Judging by its massive, bone-crushing teeth, gigantic skull and powerful jaw, there is no doubt that the Anteosaurus, a premammalian reptile that roamed the African continent 265 to 260 million years ago — during a period known as the middle Permian — was a ferocious carnivore.
However, while it was previously thought that this beast of a creature — that grew to about the size of an adult hippo or rhino, and featuring a thick crocodilian tail — was too heavy and sluggish to be an effective hunter, a new study has shown that the Anteosaurus would have been able to outrun, track down and kill its prey effectively.
Despite its name and fierce appearance, Anteosaurus is not a dinosaur but rather belongs to the dinocephalians — mammal-like reptiles predating the dinosaurs. Much like the dinosaurs, dinocephalians roamed and ruled the Earth in the past, but they originated, thrived, and died about 30 million years before the first dinosaur even existed.
The fossilised bones of Dinocephalians are found in many places in the world. They stand out by their large size and heavy weight. Dinocephalian bones are thick and dense, and Anteosaurus is no exception. The Anteosaurus’ skull was ornamented with large bosses (bumps and lumps) above the eyes and a long crest on top of the snout which, in addition to its enlarged canines, made its skull look like that of a ferocious creature. However, because of the heavy architecture of its skeleton, it was previously assumed that it was a rather sluggish, slow-moving animal, only capable of scavenging or ambushing its prey, at best.
“Some scientists even suggested that Anteosaurus was so heavy that it could only have lived in water,” says Dr Julien Benoit of the Evolutionary Studies Institute at the University of the Witwatersrand (Wits University).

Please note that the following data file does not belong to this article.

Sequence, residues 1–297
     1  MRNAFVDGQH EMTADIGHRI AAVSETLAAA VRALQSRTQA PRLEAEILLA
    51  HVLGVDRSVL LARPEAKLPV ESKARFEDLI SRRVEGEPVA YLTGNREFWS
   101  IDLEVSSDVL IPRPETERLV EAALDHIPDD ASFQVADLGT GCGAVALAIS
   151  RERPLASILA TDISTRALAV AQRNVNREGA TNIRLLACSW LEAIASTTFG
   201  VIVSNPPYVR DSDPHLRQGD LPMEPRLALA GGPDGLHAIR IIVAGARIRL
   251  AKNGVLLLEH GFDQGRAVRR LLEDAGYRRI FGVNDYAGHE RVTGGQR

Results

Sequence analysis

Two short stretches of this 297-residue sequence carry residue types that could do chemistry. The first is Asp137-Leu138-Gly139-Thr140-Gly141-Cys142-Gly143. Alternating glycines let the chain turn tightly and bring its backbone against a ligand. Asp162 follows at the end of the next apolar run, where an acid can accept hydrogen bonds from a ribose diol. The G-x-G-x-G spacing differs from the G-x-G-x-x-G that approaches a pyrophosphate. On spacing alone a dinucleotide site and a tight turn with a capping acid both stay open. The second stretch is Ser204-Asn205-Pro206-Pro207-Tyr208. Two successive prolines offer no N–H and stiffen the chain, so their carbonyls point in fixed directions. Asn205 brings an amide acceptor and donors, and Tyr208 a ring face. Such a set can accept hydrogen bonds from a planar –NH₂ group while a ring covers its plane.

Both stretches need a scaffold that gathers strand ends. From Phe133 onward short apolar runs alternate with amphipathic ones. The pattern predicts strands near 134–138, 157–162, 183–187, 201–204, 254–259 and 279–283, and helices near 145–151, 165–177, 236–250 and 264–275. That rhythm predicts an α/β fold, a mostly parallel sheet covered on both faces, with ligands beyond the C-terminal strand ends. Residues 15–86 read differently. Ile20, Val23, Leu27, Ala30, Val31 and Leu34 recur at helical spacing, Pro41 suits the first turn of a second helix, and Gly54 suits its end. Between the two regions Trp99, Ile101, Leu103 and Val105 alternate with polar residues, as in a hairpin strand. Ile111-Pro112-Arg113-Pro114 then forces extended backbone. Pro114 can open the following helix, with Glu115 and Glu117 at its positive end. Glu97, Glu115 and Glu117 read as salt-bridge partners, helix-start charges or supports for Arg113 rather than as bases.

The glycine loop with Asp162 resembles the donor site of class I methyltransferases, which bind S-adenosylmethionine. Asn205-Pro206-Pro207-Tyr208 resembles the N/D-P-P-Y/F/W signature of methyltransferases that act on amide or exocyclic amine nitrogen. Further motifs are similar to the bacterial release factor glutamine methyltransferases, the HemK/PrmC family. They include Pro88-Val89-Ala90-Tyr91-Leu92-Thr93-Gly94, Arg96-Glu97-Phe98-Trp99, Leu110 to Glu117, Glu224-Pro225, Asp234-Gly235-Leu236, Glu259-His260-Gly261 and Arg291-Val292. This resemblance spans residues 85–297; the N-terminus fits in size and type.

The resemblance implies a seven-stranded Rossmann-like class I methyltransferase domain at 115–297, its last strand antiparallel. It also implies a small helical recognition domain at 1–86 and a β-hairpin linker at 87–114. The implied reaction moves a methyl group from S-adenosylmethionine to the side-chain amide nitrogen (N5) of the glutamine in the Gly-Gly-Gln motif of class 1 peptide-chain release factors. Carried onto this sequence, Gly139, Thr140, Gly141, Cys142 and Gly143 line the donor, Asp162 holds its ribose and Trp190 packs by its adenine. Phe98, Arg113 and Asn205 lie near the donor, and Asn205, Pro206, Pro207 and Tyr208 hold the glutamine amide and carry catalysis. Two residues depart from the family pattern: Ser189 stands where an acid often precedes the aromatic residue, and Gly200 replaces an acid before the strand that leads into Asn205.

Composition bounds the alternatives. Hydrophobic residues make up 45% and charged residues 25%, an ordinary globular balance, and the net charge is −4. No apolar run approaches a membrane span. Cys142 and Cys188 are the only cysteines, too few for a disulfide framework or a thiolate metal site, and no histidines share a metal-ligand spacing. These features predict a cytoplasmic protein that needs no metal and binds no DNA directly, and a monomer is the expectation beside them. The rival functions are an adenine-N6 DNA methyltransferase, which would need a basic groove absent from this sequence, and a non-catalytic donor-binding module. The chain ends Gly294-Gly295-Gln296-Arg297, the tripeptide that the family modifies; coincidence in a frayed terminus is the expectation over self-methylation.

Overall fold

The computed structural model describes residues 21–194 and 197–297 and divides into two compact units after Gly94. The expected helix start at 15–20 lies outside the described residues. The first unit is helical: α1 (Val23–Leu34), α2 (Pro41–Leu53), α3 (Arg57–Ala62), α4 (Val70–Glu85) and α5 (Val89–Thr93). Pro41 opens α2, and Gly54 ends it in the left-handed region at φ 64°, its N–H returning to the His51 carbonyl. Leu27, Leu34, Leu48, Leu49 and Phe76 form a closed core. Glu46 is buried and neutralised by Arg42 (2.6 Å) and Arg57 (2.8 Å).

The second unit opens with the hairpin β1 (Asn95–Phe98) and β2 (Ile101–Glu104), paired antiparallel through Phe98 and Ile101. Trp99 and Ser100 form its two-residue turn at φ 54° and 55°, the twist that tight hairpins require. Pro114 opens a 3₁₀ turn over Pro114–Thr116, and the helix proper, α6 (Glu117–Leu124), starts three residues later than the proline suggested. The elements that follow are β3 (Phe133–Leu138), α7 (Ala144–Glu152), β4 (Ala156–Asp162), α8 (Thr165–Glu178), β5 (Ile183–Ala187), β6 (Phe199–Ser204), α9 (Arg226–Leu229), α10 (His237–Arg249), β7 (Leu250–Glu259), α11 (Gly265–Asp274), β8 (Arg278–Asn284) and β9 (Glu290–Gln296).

By carefully reconstructing the skull of the Anteosaurus digitally using X-ray imaging and 3D reconstructions, a team of researchers investigated the internal structures of the skull and found that the specific characteristics of its brain and balance organs were developed in such a way that it was everything but slow-moving.
“Agile predators such as cheetahs or the infamous Velociraptor have always had a very specialised nervous systems and fine-tuned sensory organs that enable them to track and hunt down prey effectively,” says Benoit. “We wanted to find out whether the Anteosaurus possessed similar adaptations.”
The team found that the organ of balance in Anteosaurus (its inner ear) was relatively larger than that of its closest relatives and other contemporaneous predators. This indicates that Anteosaurus was capable of moving much faster than its prey and competitors. They also found that the part of the brain responsible for coordinating the movements of the eyes with the head was exceptionally large, which would have been a crucial trait to ensure the animal’s tracking abilities.
“In creating the most complete reconstruction of an Anteosaurus skull to date, we found that overall, the nervous system of Anteosaurus was optimised and specialised for hunting swiftly and striking fast, unlike what was previously believed,” says Dr Ashley Kruger from the Natural History Museum in Stockholm, Sweden and previously from Wits University.
“Even though Anteosaurus lived 200-million years before the famous dinosaur Tyrannosaurus rex, Anteosaurus was definitely not a ‘primitive’ creature, and was nothing short of a mighty prehistoric killing machine,” says Benoit.